Calif. deputy shoots, kills 13-year-old with replica assault rifle

A northern California sheriff's deputy shot and killed a 13-year-old boy after repeatedly telling him to drop what turned out to be a replica assault rifle, sheriff's officials and family members said.

Two Sonoma County deputies on patrol saw the boy walking with what appeared to be a high-powered weapon Tuesday afternoon in Santa Rosa, sheriff's Lt. Dennis O'Leary said.

The replica gun resembled an AK-47 with a black magazine cartridge and brown butt, according to a photograph released by the sheriff's office. Deputies would only learn after the shooting that it was a replica, according to O'Leary. The replica weapon was a pellet gun, police said Wednesday..

Rodrigo Lopez identified the boy as his son, Andy, to a newspaper and said the young teen was carrying a toy gun that belonged to a friend.

After spotting the boy, the deputies called for backup and repeatedly ordered him to drop the gun, O'Leary said in a news release. The sheriff's office referred calls to the Santa Rosa Police Department, which held a Wednesday news conference to address the shooting.

Santa Rosa, police Lt. Paul Henry told reporters the boy had his back to deputies who took cover behind the doors of their patrol vehicles.  They ordered him several times to drop the weapon, which they believed to be an authentic AK-47.  When the boy turned to face them, it caused the barrel of the replica to rise and one deputy fired, believing he was about to receive semi-automatic weapons fire.

“(The deputy) has quite a bit of experience with this kind of weapon. He’s aware of the kind of damage these kinds of weapons can do,” Henry said. He also was aware such a weapon can fire ammunition that “can penetrate his body armor, can penetrate the metal of his vehicle, and also the sides of houses and buildings in the area.”

“His concern was that the subject was going to shoot at him or his partner, or someone else, and that’s why he responded the way he did,” Henry said.   He said deputies didn't even know he was a boy until after one of them fired.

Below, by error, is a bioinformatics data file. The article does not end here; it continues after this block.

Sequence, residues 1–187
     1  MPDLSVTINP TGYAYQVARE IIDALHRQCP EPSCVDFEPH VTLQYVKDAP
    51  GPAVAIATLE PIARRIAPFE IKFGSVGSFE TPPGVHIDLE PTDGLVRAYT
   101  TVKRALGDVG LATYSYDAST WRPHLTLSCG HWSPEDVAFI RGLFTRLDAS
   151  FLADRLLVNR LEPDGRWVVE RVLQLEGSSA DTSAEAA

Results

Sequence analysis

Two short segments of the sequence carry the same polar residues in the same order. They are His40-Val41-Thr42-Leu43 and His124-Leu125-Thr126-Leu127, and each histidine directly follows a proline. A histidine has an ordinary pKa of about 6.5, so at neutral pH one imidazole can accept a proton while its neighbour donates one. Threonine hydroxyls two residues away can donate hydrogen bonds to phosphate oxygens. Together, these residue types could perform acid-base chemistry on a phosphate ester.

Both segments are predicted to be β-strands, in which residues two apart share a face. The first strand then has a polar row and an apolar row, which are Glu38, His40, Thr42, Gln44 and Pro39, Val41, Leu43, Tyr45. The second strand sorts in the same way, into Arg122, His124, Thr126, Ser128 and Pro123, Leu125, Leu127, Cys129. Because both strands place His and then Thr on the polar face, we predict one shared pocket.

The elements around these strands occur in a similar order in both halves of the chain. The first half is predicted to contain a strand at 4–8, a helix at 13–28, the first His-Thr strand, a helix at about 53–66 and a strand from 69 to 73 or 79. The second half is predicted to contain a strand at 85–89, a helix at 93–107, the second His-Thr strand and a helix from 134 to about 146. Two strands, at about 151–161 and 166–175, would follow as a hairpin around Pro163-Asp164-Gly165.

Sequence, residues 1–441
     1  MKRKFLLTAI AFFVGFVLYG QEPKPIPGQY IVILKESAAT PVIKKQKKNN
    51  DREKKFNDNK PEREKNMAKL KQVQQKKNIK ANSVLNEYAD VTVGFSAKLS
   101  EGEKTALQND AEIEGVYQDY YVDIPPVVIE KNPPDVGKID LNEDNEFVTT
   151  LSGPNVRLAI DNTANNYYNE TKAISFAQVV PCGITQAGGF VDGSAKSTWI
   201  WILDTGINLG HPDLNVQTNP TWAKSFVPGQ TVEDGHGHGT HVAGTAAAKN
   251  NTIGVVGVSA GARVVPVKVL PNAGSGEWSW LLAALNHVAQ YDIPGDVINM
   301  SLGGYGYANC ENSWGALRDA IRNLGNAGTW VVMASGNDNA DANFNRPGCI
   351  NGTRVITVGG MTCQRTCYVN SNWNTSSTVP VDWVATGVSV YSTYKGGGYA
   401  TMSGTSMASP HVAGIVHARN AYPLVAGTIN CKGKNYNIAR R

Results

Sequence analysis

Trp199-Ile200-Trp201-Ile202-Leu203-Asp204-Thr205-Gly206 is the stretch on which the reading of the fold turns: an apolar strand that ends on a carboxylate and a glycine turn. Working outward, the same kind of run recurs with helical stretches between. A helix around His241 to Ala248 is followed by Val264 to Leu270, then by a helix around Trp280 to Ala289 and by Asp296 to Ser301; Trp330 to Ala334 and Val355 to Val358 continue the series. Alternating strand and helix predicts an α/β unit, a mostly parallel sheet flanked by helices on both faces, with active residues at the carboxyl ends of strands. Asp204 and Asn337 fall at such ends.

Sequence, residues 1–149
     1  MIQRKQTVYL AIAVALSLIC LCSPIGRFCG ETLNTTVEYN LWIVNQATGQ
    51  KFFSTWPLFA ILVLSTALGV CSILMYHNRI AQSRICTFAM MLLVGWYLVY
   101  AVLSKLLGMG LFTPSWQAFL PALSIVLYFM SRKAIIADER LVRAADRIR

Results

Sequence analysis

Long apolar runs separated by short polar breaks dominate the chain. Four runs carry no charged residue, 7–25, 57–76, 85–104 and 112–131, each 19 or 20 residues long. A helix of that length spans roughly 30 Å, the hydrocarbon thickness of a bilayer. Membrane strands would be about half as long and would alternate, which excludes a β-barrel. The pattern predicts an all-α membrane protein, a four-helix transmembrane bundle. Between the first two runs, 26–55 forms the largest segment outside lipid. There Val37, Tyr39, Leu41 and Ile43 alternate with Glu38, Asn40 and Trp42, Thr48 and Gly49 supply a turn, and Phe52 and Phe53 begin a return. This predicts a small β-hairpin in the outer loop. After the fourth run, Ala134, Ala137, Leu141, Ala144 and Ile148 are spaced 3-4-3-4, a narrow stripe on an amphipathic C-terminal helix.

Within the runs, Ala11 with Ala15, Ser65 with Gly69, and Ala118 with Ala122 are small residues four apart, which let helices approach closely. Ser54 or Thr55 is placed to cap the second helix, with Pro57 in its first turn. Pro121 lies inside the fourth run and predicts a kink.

A neighbor in the area, Brian Zastrow, told the Santa Rosa Press Democrat (  ) he heard seven shots.

"First, I heard a single siren and within seconds I heard seven shots go off, sounded like a nail gun, is what I thought it was," he said.

The boy fell to the ground on top of the rifle, according to O'Leary. He said the deputies ordered him to move away before approaching him and putting him in handcuffs.

They began administering first aid and called for paramedics, who pronounced him dead at the scene. Deputies also found a plastic handgun in the boy's waistband, O'Leary said. The deputies, who have not been identified, have been placed on administrative leave, which is standard after a shooting, O'Leary said.

Community members left candles, teddy bears and flowers at the edge of the field where the teen was shot and questioned deputies' decision to open fire.

"I'm sure you can tell he's a 13-year-old boy," Abrey Martin told KGO-TV. "He's not some maniac."

In a statement, Sheriff Steve Freitas said the shooting was a "tragedy" and he would do everything he could to ensure the investigation was thorough and transparent.

"As a father of two boys about this age, I can't begin to imagine the grief this family is going through," he said.

Rodrigo Lopez told the Press Democrat he last saw his son Tuesday morning.

"I told him what I tell him every day," he said in Spanish. "Behave yourself."

The family was back at their mobile home Tuesday night after identifying the boy's body, the Press Democrat reported.

The newspaper quoted the boy's mother, Sujey Annel Cruz Cazarez, as saying, ""Why did they kill him? Why?"

Geoffrey Alpert, a criminologist at the University of South Carolina, told the San Francisco Chronicle that  officers often don't have time to determine whether a gun is real.

"As long as an armed person appears to be a threat, you don't have time to look to see if it's a toy," Alpert told the newspaper. "If it looks real, you've got to believe it's real. A perceived threat trumps age, it trumps mental abilities. If you're looking down the barrel of a gun, you're not going to know if it's an air gun or a BB gun

"It's tragic," he said, "but officers have to go on what they objectively and realistically perceive is a threat."

Andy Lopez had recently attended Lawrence Cook Middle School, where assistant principal Linsey Gannon said he played trumpet in the band.

"Andy was a very loved student, a very popular, very handsome young man, very smart and capable,'" she said Wednesday. "Our community has been rocked by his loss."

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